Cape Town has always enjoyed a reputation for being a top performer in the South African property market, and despite the forecast price-growth slowdown, all signs point towards a continuation of this trend over the foreseeable future.
“There are several indicators that Cape Town – and the Western Cape in general – will remain a property hotspot,” says Schalk van der Merwe, a Rawson Property Group franchisee based in the Helderberg Basin. “The first and, arguably, most obvious sign is our growing popularity with affluent repeat homebuyers nationwide.”
Van der Merwe cites FNB’s latest research on interprovincial repeat homebuyer migration patterns, which shows a very low rate of departure from the Western Cape, and high levels of inward migration from other provinces.
“Cape Town and our surrounding areas are perceived as having a high quality of life in comparison to many other South African cities,” he says, “largely due to our good economic opportunities, excellent service delivery and administration, and enviable lifestyle. As a result, we’re not only retaining existing Capetonians, we’re also attracting high numbers of wealthy, skilled individuals from other parts of the country and the world at large. This is having a direct and ongoing effect on residential property demand.”
With demand fuelling growth, it’s no wonder that Cape Town typically outperforms every other South African urban hub in the residential property sector. In fact, the city was recently placed 33rd out of 165 in the international Knight Frank Global Residential Cities House Price Index, with its annual growth rate of 8.6% outstripping Johannesburg (placed 52nd) by a significant 2.6%.
The Western Cape has also had the highest number of super-luxury sales in the country over the last ten years, according to statistics from Lightstone, and has recorded the steadiest growth in that market sector. “Cape Town has seven of the top ten highest performing suburbs in South Africa,” says van der Merwe. “We’re also seeing the spectrum of high-end buyers widening, and more and more under 35-year-olds are joining the ranks of the 45 to 54-year-olds typically active on the Cape’s super-luxury property scene.”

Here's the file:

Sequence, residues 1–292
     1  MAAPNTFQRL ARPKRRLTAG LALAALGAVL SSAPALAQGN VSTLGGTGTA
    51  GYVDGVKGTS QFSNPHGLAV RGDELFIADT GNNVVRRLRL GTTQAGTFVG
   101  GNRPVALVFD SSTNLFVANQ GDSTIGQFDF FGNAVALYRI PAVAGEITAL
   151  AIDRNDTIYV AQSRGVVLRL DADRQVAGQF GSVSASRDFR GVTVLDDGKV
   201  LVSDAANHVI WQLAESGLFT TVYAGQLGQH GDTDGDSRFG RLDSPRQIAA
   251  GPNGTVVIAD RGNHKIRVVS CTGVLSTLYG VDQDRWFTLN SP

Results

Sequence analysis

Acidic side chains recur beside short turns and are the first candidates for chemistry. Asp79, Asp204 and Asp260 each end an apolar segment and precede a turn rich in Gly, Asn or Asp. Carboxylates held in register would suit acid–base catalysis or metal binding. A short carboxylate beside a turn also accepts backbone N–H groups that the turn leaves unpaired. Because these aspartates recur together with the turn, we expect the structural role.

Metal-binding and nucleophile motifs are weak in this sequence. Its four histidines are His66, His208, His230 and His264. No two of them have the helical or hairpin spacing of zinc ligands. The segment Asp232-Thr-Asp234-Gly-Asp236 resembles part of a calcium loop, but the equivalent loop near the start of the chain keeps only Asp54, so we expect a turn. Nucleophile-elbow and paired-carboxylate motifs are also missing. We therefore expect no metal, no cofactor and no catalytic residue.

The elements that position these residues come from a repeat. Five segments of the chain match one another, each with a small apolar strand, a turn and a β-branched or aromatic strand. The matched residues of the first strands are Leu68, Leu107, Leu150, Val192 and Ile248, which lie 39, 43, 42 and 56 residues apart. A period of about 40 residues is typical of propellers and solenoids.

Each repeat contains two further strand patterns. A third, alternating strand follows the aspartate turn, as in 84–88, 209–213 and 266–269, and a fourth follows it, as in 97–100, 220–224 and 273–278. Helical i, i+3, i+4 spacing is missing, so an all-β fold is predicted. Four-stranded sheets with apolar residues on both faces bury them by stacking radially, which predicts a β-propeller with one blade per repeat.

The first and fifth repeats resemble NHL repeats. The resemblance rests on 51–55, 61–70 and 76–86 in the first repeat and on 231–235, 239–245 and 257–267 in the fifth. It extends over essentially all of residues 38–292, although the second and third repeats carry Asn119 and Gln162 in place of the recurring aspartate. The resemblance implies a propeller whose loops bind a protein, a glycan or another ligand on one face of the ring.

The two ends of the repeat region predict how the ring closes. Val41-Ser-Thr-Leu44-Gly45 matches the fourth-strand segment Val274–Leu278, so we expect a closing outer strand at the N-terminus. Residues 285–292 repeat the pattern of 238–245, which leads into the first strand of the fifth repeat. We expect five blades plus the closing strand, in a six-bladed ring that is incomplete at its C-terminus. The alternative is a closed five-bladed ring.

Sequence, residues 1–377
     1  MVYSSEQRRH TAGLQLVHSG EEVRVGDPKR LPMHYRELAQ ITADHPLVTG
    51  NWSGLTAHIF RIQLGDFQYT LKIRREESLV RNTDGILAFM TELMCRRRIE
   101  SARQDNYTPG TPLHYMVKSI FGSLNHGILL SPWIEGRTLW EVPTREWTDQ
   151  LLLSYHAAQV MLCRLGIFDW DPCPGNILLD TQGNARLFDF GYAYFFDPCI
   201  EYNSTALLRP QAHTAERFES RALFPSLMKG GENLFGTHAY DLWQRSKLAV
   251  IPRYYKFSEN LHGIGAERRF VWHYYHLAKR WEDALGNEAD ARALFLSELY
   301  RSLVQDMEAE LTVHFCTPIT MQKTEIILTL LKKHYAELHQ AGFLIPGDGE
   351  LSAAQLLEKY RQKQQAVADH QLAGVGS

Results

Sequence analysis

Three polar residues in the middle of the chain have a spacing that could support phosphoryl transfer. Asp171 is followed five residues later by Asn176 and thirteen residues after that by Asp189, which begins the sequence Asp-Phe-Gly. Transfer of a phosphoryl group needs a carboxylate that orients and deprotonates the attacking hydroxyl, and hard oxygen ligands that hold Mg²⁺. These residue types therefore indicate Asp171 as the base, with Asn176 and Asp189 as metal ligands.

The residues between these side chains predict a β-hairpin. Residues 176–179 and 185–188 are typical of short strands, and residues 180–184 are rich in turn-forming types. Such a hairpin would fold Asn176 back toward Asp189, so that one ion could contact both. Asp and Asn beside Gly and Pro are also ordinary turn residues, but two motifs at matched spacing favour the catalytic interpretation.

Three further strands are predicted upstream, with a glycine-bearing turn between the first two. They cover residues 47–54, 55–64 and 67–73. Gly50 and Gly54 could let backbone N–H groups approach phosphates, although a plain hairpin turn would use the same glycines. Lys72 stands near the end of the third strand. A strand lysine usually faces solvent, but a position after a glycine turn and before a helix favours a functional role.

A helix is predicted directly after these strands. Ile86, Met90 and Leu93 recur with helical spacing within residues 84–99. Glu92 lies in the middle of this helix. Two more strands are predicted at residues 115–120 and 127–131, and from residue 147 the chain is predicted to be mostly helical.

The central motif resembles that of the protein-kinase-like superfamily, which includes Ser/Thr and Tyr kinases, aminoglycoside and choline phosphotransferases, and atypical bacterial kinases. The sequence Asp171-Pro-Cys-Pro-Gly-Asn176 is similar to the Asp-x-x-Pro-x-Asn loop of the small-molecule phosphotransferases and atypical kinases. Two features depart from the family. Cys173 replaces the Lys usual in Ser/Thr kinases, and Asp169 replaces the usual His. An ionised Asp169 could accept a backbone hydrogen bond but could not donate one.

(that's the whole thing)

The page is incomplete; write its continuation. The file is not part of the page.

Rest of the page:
It’s not only buyer statistics that indicate a positive future for the Western Cape’s property market, however. Growth in related sectors also points towards continued momentum. According to Dr Ivan Meyer, the Western Cape’s Provincial Finance Minister, the fastest growing sector in the province over the last decade has been construction. “This is an excellent sign for the property industry,” says van der Merwe. “The fact that construction is thriving proves that there is still room for market growth.”
In addition to this, real estate, finance and insurance took second place in the same list of fastest growing sectors in the Western Cape. “These are all industries that have a role in property transactions and ownership,” says van der Merwe,“and their success is consistent with the kind of property hot spot that the Western Cape has become and will, in my opinion, continue to be.”
As South Africa’s officially-recognised, fastest, long-term growth economy, and backed by a history of outstanding property market success, it is not unexpected that the Western Cape is maintaining such high levels of investor confidence. “The Western Cape has proven time and time again that it will weather whatever the economy brings,” says van der Merwe, “and forecasts indicate that our property market will do just the same.”